Finance, ami lie is hereby authorized to
IwcbaM cold and silver bullion with anv
moneys which may from time to time be
in the Trrasary. and to cause to be coined
Uterefrom rold and surer coins, etc."
Tbesr are the words of the Act under
which the rresent Mini-try are authorized
to have Hawaiian xooncv coined Now it
seems very latent to tbe most casual reader
that tbe present Hawaiian Government
hate by no means oommied with the law.
A coin has been struck by a private party,
who undertake to furnish it to the Ha
waiian Kingdom in exchange for bonds
iieanng six per cent interest, the principal
ami interest being payable in United States
gold or its equivalent We find nothing
m tbe Art which authorized the coinage
of Hawaiian pieces which also authorizes
the pTverttment to give bwti in exchange
f'r the raeceii that are struck. The law is
explicit, - to twrebase sold and silver bul
boo with any moneys which may from
tiroe to time be in tbe Treasury." lias an
of bullion been purchased with
in tbe Treasury ' We think noL
On these matters there can be oulv one
roars, and that is the honest one. Things
which are wrong, are wrong, and tho sooner
wo are done with tbetn the better Jiecause
it is for the moment convenient to bolster
np an illegal act of the government, does
any one (appose that the inevitable retn
taxUuti will not coroe? As a fact Hawaii is
snneruur from mmin . Comnromise in
Try few cases serve its ends; as a rule it
is a lamentable failure. The spirit of
oanprt'tuise with wrong, the spirit of com
raronue with dirbocesty is abroad and the
sooner it is thrust from our councils the
better for ourselves. The law allows us
til have a coinave. but it exiiresslv states
bow that coinage is to be obtained. If
that coin is obtained in any other way it
is nut obtained with the sanction of the
law and if the law is disobeyed by the
(abinet in this instance it can very casilv
Iv so in other instances; a precident for
law iareaking is established. It is far bet
tcr to r-nffer a little under the law than to
gain et .t so great an advantage without it-
As tlx- world turned round yesterday
and as day broke upon the various coun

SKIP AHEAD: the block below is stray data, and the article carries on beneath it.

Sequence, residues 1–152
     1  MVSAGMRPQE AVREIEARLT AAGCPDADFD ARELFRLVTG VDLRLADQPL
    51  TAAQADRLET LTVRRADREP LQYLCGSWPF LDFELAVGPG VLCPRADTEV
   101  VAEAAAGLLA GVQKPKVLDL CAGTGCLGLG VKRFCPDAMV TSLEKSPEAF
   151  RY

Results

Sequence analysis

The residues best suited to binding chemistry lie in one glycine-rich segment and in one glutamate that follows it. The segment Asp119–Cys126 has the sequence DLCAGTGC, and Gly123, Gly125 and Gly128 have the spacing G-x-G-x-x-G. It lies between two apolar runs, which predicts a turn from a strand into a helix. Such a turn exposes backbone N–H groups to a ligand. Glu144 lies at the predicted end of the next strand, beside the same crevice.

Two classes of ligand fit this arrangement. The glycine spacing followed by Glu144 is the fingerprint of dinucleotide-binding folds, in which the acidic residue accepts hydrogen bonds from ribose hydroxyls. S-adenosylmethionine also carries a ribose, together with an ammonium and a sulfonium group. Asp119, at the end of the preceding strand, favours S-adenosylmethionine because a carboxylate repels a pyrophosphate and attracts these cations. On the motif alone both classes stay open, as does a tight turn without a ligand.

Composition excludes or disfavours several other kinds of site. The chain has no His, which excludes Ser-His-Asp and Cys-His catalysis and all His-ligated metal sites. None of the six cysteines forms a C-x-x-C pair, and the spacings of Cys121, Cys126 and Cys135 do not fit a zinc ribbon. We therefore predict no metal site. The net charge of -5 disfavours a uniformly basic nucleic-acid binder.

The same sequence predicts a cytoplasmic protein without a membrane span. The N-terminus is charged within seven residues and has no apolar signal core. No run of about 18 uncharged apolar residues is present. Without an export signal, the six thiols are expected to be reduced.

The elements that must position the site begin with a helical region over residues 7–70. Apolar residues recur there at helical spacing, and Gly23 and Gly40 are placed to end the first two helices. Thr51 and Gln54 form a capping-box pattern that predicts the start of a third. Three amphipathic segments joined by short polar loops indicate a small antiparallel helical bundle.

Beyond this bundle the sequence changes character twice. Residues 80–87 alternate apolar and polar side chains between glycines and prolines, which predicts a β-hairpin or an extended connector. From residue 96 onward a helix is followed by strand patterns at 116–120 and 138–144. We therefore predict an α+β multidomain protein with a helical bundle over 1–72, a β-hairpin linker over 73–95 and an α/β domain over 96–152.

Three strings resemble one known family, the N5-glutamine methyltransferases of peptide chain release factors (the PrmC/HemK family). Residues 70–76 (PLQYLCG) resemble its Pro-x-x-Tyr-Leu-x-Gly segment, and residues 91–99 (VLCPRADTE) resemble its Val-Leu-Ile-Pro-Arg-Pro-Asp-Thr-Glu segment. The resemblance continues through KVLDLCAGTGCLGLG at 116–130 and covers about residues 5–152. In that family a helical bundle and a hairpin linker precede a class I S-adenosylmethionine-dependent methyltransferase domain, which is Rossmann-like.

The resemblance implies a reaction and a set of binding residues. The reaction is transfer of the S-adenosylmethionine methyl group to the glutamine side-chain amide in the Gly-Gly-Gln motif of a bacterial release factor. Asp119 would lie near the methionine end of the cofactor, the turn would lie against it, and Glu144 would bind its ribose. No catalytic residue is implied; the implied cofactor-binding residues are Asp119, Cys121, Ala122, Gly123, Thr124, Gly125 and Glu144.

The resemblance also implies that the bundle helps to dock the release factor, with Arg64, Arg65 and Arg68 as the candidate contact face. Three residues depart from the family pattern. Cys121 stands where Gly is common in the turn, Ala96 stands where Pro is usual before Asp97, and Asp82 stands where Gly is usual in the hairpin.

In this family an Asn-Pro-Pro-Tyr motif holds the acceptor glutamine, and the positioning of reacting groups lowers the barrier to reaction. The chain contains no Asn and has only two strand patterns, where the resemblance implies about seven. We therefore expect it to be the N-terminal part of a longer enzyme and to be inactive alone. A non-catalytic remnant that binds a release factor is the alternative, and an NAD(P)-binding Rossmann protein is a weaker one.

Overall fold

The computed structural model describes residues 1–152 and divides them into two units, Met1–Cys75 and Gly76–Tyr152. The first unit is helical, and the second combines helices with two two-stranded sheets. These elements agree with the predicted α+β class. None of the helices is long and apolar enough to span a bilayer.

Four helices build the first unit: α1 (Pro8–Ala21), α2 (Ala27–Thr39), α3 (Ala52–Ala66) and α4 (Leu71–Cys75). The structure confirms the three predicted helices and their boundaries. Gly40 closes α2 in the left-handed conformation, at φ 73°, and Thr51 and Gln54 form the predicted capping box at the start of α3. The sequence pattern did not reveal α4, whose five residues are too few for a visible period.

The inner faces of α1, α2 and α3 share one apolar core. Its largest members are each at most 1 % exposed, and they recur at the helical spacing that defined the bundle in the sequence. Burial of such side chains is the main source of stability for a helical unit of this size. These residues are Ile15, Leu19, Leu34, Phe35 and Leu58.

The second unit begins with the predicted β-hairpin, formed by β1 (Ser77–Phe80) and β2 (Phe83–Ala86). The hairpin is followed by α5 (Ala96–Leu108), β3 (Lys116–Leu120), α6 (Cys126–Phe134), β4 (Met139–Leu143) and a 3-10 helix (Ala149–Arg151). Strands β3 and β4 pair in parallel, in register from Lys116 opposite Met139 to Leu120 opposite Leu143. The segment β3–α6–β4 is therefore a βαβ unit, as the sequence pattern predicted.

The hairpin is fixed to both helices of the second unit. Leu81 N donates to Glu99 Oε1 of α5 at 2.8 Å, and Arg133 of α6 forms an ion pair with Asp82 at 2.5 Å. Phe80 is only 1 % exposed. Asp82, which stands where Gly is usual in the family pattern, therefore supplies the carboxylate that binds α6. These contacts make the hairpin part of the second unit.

tries of the globe, a prolonged chorus of
til! from many tailhonsof childish lips
Bast nave uroxen the stillness of the mom-
iGgav.
It was Christmas dav! That dav which
as so dear to the hearts of all of us. That
day when we all do our best to be iovfnl
oarselves and above all to give jov to
others. How many a silly feud has Leon
healed by the genial infinence of the
Christmas season. How many a family.
long separated has neon reunited on Chnst
mas day.
Yes! Christmas Tide is a blessing to the
world. This work a-dav world of the Nine
teenth Century allows very little time for
dreaming, it is all hurry and rush, steam
Iwats. railways and telephones. Tho kind
lines? of a less active civilization it apt to
ue ciio&eu try me uesire xor txur. on.;
Cut Christmas with its memories of child
hood: Christmas, with its present zrcnera
xioa of happy chUdren looking forward to
the great day. tlo-e children in whom we
all renew our yonth: Christmas with its
hallowed services; Christmas, with its
xcirth and merriment; Christmas, with its
To l.se the Kecinrocitv Treaty seems
rather a high figure to pay for having had
an cx Mormon adventurer at tho head of
our affairs for nearly two years, and yet it
seems as if wo are going to pay that very
heavy price for the very inferior article we
have nau.
Tn some resneets tho news from ash-
n4wt i rreissnrinir: the narairraph in tho
President's Message, the remarks of tho
Secretary Folger, and last but not least, is
the news received from reliable soures
that speaker Carlisle will probably not go
back on us- He is said to abjure tho re
duction of the sugar duty except as tho
last item of tariff to comc"under revision
and he has never placed as an enemy 01
onr treatv. A personal friend of Mr. Car
lisle informs us that tho new speaker uas
no antipathies to the treaty and that in
making up the Standing Committees ho
will give us a chance. The administration
is fully committed to tno continuance 01
the treaty, and has publicly expressed its
belief that the terms have been carried
out honestly and in good faith. Perry
Belmont. Blount & Co- will, after this ad
mission, will not have much of a leg to
stand on. So far. so good.
The above fad are certainly hopeful,
and had no untoward accident happened,
had om- Slinistrv shown tho barest com
mon sense, there is little doubt but what
the treaty would have been safe enongh.
but the ei-Mormon must thrust his finger
in and m addition to follies innumerable
he has done pretty effectually by bringm;
down on us tho enmity of the Pacific Mai